Ethnofuturism and the Archeology of the Future

SESSION A: Cosmopolitism
Day 1. Thursday, 27th October.
12:00 – 14:00
Venue: CCCB: Centre de Cultura Contemporània de Barcelona

In her video project titled “In The Future They Ate From The Finest Porcelain” (2014), Larissa Sansour enters the fictional world of a resistance group who deposit porcelain remains of an imaginary civilization into the ground in order to influence history and support their claims to land and the sovereignty of their people. Shuttling between the past and the future, the film uses science fiction aesthetics and speculative language to re-write the history of the future and to lay claim to home. Similarly, Moreshin Allahyari’s ongoing project titled, “Material Speculation” (2015), reconstructs archeological artifacts destroyed by ISIS in 3D digital format. Her work attempts to archive these lost objects by including a digital memory card inside each newly constructed artifact so as to influence the future of the past. As with Sansour’s work, Allahyari uses archeology–the science of past-making–to enter into the future. Yet unlike archeology’s attachment to stable land and unmoving grounds, these artists propose a virtual archeology of lands, spaces and artifacts that are already lost. Rather than locating their archeology within a steady site, they work with shifting and moving grounds that are often intangible, speculative or imaginary.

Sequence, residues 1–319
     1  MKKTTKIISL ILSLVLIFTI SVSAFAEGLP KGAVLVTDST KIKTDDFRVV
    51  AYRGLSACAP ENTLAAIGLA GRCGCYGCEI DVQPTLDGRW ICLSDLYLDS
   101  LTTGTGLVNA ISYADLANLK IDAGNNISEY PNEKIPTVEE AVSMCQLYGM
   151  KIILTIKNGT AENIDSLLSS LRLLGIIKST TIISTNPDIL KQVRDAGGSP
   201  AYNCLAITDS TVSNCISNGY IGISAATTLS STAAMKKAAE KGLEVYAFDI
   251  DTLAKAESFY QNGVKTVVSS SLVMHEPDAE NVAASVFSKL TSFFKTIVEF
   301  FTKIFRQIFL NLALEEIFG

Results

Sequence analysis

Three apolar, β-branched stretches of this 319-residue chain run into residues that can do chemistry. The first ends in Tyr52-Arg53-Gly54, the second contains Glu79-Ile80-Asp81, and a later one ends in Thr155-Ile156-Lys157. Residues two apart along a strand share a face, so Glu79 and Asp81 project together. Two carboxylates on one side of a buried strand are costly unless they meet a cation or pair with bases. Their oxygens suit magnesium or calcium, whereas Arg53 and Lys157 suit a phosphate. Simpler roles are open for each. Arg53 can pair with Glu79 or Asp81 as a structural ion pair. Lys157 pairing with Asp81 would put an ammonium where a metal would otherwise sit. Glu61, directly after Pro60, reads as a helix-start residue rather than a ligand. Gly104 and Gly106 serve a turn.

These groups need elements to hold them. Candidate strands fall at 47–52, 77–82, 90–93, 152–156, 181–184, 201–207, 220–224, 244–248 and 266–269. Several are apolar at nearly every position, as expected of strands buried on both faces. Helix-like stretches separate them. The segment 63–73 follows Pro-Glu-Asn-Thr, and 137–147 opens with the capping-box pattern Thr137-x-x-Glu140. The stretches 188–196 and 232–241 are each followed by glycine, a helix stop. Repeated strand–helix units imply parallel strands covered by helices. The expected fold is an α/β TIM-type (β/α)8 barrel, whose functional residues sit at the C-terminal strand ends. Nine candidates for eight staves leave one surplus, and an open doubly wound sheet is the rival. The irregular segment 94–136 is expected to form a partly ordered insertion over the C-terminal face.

In my paper, I argue that artists such as Sansour and Allahyari launch an ethnofuturist aesthetics geared towards a sustained relationship with otherness. Their work defy temporalities of “past”, “present”, “future” by claiming their politics in speculative thought. Their works move into the imaginative space of the future and the speculative space of hope, where they build homes on unstable and shifting grounds.

Sara Mameni
University of California, Santa Cruz

Sara Mameni is a University of California President’s Postdoctoral Fellow in Feminist Studies at the University of California, Santa Cruz. She has a PhD in Art History from the University of California, San Diego. Her research focuses on artistic practices in the Middle-East and the diaspora with a focus on Iran. She has forthcoming essays in the journal of Women and Performance. She has published essays in Al-Raida Journal, Acta Historia Artium, Fuse Magazine, Canadian Art magazine and Fillip Review.

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